An unplanned pregnancy - in those days, of course, unforgivable - followed by a botched illegal abortion insisted on by her mother, left Priscilla permanently infertile. This tragedy, only gradually realised, blighted her life as (like so many other people who, neglected in childhood, try to reclaim the happiness they never knew by cherishing offspring of their own) her greatest desire in the world was to give birth to a baby.
Having married a French aristocrat - who sadly, due to difficulties of his own, proved unable to assist her in achieving that ambition - Priscilla found herself trapped in France by the Nazi invasion of May 1940. Released, finally, from a horrible internment camp for enemy aliens, she embarked on a wandering and financially precarious existence with a series of lovers and, in the process, became involved with several French Resistance members and - at least - one prominent Nazi.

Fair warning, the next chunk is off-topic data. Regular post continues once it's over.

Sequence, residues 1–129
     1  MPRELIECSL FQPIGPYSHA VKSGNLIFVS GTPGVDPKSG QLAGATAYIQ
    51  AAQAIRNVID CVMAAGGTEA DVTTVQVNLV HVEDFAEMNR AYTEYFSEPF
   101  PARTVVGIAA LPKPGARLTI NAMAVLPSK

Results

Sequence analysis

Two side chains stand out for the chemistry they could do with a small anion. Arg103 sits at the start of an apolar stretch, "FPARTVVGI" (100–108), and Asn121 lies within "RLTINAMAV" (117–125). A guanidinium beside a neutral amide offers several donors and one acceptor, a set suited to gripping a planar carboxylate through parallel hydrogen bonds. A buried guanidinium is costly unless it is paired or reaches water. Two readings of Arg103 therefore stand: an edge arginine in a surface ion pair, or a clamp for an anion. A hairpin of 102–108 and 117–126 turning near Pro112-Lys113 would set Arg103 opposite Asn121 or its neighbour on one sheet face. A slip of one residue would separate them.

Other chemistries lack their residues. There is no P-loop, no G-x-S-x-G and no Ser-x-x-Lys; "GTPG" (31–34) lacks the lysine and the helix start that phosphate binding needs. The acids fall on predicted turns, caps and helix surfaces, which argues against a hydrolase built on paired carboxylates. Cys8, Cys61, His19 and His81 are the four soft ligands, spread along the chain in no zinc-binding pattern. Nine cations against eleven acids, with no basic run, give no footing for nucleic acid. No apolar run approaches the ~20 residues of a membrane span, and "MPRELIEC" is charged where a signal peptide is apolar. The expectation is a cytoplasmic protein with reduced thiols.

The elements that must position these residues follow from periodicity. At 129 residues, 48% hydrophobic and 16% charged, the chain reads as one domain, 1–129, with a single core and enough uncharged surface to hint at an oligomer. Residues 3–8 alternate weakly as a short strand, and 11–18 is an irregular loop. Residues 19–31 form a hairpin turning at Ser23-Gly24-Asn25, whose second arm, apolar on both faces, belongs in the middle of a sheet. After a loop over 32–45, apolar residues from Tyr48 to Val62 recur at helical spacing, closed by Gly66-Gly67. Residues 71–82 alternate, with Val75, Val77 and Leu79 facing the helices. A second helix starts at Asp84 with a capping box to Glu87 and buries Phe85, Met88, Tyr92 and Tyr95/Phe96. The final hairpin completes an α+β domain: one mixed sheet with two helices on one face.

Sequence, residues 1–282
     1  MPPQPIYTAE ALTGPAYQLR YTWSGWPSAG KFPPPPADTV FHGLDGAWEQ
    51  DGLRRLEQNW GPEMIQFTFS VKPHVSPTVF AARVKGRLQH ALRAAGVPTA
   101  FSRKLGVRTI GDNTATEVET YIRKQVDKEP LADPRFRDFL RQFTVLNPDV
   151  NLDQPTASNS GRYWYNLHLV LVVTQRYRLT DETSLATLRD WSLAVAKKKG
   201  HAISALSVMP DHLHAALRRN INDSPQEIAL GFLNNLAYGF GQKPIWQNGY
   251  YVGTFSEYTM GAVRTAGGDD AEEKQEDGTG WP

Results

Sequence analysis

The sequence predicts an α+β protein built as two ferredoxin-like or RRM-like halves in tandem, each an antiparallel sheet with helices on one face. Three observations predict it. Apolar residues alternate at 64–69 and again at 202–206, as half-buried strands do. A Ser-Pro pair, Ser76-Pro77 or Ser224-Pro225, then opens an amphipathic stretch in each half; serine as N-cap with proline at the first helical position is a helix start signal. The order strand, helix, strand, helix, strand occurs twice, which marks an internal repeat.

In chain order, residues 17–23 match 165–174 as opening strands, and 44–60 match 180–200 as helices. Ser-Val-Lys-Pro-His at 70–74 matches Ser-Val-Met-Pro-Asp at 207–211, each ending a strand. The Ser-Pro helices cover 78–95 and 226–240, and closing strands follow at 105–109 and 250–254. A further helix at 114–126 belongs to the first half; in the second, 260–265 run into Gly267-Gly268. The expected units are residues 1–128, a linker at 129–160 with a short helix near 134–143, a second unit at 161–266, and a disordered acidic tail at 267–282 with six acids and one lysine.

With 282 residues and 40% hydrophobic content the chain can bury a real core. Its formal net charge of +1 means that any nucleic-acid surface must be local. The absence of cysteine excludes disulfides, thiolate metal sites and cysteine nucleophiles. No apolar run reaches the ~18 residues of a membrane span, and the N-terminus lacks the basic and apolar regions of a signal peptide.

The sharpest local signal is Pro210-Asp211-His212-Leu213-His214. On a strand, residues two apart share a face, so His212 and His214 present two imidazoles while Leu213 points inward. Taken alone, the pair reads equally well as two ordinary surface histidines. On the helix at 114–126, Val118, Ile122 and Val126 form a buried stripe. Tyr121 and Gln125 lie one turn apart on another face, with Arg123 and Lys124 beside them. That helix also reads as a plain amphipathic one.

Following arrest by the Gestapo, from whose attentions she was rescued - only just - by the prominent Nazi, her subsequent plight and the conflicting emotions, not to mention the practical difficulties, which Priscilla's life subsequently involved can only be imagined by present-day readers but my goodness, does Nicholas Shakespeare help us to imagine them! This book is un-put-downable - GENUINELY un-put-downable, which is not a thing I often find, but I was up all night reading it.
It is well written, and meticulously researched (the references occupy ten per cent of the book's pages) and altogether heart-rending. A triumph!
It has, of course, already been serialised as a BBC morning story.